Say’s Law and the law of markets are not the same

I have belatedly come to realise that Say’s Law is not the law of markets. How weird is that, after all these years. I have put the following up on the SHOE website as a continuation of my previous post L’offre crée même la demande. Hollande, as a result of the bitter experiences in trying to manage the French economy, now has a better grip on our fundamental economic principles than pretty well the whole of the economics profession.

There are a number of facts that are relevant in any discussion of Say’s Law which I thought I might set out. What I find something of a problem is the common assumption that Say’s Law refers to something that was believed during the early parts of the nineteenth century and was of little significance thereafter. No discussion ever seems to get past Malthus, Say and Mill in looking at what was an embedded principle right up until 1936.

The first thing that might be noted is that the term “Say’s Law” is not classical in origin but was consciously invented by Fred Manville Taylor and introduced into general economic discourse with the publication of his Principles of Economics text in 1921. Before Taylor no one called this association of demand with previous supply “Say’s Law”. Taylor introduced the term because he thought economic theory needed to identify one of its most important underlying principles. The ironies of what followed next are too obvious for comment.

This continuous fixation on the early classical economists has had a number of unfortunate consequences. The first is that economists are always returning to Say as if he provided the definitive statement on Say’s Law. He did not. If you want the point of origin, it is in James Mill in his Commerce Defended published in 1807. Here is the passage that matters, although the whole of his discussion is well worth the effort:

“No proposition however in political economy seems to be more certain than this which I am going to announce, how paradoxical soever it may at first sight appear; and if it be true, none undoubtedly can be deemed of more importance. The production of commodities creates, and is the one and universal cause which creates a market for the commodities produced.”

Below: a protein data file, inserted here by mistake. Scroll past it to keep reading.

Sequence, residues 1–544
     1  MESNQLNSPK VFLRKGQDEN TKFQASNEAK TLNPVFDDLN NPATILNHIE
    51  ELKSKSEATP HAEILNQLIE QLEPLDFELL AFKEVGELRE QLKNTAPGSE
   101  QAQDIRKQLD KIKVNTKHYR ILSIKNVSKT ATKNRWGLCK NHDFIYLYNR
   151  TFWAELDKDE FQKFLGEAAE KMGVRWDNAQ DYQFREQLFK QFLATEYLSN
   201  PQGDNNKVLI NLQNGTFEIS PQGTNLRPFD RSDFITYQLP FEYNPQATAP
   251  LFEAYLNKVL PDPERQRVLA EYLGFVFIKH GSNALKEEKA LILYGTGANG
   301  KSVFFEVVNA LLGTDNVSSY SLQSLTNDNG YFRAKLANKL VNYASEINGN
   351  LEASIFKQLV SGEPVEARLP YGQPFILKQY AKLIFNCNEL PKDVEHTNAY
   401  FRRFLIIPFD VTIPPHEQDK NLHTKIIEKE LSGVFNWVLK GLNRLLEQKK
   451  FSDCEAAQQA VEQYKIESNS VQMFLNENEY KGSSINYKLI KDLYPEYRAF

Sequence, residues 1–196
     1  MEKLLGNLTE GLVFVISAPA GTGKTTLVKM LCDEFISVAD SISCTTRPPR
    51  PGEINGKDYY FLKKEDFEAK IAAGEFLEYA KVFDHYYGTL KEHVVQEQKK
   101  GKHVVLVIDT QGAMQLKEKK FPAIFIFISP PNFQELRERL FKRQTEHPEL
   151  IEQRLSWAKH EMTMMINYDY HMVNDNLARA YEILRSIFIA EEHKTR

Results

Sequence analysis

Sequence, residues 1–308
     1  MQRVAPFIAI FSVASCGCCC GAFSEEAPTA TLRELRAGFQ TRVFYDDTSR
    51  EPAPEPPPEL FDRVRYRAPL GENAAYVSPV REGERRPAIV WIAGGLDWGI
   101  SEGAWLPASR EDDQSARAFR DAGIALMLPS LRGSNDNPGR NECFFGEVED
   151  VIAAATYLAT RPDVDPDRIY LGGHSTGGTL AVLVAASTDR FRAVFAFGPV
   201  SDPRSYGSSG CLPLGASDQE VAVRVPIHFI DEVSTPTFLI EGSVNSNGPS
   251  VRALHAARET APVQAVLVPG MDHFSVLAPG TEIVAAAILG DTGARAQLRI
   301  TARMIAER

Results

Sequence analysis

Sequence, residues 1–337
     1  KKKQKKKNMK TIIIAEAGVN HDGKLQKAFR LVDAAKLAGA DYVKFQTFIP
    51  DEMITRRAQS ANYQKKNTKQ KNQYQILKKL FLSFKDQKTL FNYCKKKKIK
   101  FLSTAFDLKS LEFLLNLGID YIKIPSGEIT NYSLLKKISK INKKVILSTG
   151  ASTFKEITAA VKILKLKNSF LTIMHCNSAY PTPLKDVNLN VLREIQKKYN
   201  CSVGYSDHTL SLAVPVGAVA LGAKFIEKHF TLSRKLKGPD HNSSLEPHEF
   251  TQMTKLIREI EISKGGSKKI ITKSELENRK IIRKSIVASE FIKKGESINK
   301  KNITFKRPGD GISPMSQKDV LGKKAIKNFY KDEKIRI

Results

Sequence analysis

The final sentence should be familiar but is not the actual origins of the specific words used by Keynes.

It is also important to appreciate James Mill’s role since I see his statement not only as exactly right, but he wrote his book in response to an argument in which too much saving and too little demand were seen as the causes of recession. This was the first instance in which an argument that economies are driven by demand was rejected. Mill was saying an economy could not be stimulated from the demand side. That was the point of Say’s Law, and still is.

This nameless principle was universally accepted by the mainstream. But if you would like to find Say’s Law as clearly stated as it is possible to find it in the classical literature, this is David Ricardo writing to Malthus just after the commencement of the General Glut debate in 1820. Malthus said the post-Napoleonic recessions had been caused by too much saving and too little demand. To this, Ricardo replied:

“Men err in their productions, there is no deficiency of demand.”

That’s it. Say’s Law. Recessions are caused by mis-directed production, not deficient demand. This was the foundation for the entire theory of the cycle that would develop over the following century. It is the disappearance of the theory of the cycle that may be the greatest loss economists have experienced because of the General Theory.